Kids and Calcium

Calcium is crucial to your child's well-being and growth: strong bones in youth mean strong bones throughout life.

By FamilyTime

 No one disputes that calcium makes bones strong. Children at all stages of growth need adequate calcium to reach their full height as healthy young adults.

Of equal importance are findings that indicate the children with strong bones are less apt to suffer from osteoporosis and other bone diseases when they age. This is particularly important for girls but boys should pay good attention to calcium intake, too.

How Much Is Enough?
School-age kids who drink two to three glasses of milk a day and eat a balanced diet get enough calcium, Not all kids drink milk or drink nearly enough of it.

Today, children are likely to drink soda and juice with meals as well as in between. It behooves parents to make sure their kids drink milk or get their calcium from other sources. Some children have allergies to milk and need to get their calcium elsewhere.

Young children up to age five need between 500 and 800 mg of calcium a day. Discuss if your child is getting enough calcium with your pediatrician. It's vital for strong bones and teeth.

If your child is school age -- between the ages of five and 11 (or up until the onset of puberty) he needs 800 to 1,200 mg of calcium a day, with needs increasing as he gets older. This means kids in the eight- to ten-year range need closer to 1,200 mg.

Once kids enter adolescence, calcium requirements increase and they need from 1,200 to 1,500 mg a day. They should keep this intake up well into their early twenties, say experts.

Sources of Calcium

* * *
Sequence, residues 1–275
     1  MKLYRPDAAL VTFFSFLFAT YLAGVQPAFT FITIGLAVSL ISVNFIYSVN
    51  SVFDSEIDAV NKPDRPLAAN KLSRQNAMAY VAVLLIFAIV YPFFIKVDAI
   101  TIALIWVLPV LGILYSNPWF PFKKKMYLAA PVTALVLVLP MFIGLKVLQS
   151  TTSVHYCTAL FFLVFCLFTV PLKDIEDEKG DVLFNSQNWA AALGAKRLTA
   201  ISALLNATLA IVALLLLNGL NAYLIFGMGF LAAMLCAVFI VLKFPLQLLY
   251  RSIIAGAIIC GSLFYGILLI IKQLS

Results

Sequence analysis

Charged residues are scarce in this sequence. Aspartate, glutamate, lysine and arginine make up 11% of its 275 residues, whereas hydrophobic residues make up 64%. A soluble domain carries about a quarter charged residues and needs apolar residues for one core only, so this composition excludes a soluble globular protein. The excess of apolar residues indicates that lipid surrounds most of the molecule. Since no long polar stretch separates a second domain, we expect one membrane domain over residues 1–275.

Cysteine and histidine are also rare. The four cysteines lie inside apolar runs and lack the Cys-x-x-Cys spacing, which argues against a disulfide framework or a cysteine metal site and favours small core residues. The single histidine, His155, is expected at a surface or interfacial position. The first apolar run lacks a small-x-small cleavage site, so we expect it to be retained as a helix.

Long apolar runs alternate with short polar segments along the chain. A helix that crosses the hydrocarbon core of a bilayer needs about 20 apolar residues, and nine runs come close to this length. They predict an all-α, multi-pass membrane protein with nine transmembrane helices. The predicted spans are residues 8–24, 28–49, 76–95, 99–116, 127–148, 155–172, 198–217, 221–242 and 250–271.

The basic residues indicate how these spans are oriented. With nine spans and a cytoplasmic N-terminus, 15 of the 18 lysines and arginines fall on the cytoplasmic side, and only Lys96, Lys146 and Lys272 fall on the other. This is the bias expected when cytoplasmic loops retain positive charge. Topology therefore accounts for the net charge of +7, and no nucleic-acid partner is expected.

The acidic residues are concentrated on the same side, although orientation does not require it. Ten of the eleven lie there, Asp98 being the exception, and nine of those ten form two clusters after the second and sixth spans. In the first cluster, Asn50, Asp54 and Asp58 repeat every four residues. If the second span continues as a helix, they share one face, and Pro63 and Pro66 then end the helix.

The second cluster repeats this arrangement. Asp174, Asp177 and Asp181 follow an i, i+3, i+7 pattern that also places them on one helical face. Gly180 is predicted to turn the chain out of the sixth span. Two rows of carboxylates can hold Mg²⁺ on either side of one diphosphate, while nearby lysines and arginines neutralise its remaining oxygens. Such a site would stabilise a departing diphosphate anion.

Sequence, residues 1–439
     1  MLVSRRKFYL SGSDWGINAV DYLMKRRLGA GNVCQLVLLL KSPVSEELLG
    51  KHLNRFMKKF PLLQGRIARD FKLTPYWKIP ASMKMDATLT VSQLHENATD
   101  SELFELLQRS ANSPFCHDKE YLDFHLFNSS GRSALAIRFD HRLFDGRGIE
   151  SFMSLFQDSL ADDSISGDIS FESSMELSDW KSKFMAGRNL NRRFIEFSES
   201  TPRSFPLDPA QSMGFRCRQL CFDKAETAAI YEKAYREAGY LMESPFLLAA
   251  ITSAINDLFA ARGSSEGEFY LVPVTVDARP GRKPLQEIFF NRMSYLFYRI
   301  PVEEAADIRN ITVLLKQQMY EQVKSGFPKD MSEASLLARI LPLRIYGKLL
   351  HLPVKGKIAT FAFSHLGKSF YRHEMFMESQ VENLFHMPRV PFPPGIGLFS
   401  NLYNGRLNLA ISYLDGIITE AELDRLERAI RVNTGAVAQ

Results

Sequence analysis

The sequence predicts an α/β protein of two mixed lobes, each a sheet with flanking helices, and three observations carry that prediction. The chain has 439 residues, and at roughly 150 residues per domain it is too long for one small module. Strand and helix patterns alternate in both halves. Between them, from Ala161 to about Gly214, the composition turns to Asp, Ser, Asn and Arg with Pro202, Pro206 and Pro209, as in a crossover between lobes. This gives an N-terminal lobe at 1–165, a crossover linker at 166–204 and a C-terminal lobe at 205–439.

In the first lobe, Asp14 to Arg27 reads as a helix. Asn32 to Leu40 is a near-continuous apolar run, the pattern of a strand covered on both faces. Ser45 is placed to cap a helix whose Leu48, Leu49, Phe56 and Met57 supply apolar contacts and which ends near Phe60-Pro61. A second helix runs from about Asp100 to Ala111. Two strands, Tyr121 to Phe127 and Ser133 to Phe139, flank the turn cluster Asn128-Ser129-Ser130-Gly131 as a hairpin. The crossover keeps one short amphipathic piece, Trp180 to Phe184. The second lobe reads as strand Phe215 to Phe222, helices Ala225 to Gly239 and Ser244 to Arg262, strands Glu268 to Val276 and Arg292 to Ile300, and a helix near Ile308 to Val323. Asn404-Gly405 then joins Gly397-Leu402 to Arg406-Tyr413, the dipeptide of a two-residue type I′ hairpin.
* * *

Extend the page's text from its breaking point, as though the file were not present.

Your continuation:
Milk is the first foodstuff we think of when we consider calcium. Milk fortified with vitamin D is particularly important and if your children don't drink this, talk to your pediatrician about vitamin D supplements.

If your kids rely on milk, they will get the same amount of calcium whether they drink skim or whole milk. Remember that young children under the age of two need whole, not low-fat, milk.

One cup of milk provides 300 mg of calcium. This means a school-age child who drinks three glasses is pretty well covered. It also means your child's habits need to change once she hits puberty.

To get the full complement of calcium, a teenager should drink milk, eat calcium-rich vegetables, and look for calcium-fortified products such as orange juice, graham crackers, and cereals.

Products can claim to "contain calcium" if they provide 100 mg, or only 10 percent an adult's daily requirement of 1,000 mg. Those labeled "high in calcium" should contain at least 200 mg, or 20 percent of the daily requirement for adults.

Read the labels and do the math. Encourage your teens to do the same.

Other than milk, some good sources of calcium are:
1 cup calcium-fortified orange juice = 300 to 350 mg (read the label to be sure you are buying the right juice)
1 cup yogurt = 300 mg
1 ½ ounces Cheddar cheese = 300 mg
½ cup spinach = 120 mg.
1 cup white beans = 115 mg
1 orange = 40 to 50 mg
½ cup broccoli = 35 mg.

Some parents believe if their kids take a multivitamin, all bases are covered. No so. Most multivitamins contain 75 to 100 mg of calcium. On the other hand, some companies market vitamins very high in calcium. Again, read the label.

Your Kids Will Thank You
They may complain today, but as they grow into strong, active teens, your kids will appreciate their healthy bones.

Adolescence is the time of the most rapid growth for boys and girls when they need more calcium than at any other time in their lives. Young bones need all the help they can get.

Boys and girls grow at different times, with girls getting much of their height earlier than boys. By age 14, both boys and girls will have achieved a good percentage of their adult height and if they don't have enough calcium during these critical years, they may not grow as tall and strong as they can.

As they continue to grow during their teen years, kids develop bone density. At this time, they store calcium in their bones, which they will draw on during their adult life. There is no way to re-coop this valuable calcium in later years - although there are ways to help.

Even if they don't "get it" now, when they are older adults with strong bones rather than brittle ones, your kids will be grateful they listened to their mother and drank their milk and ate their spinach!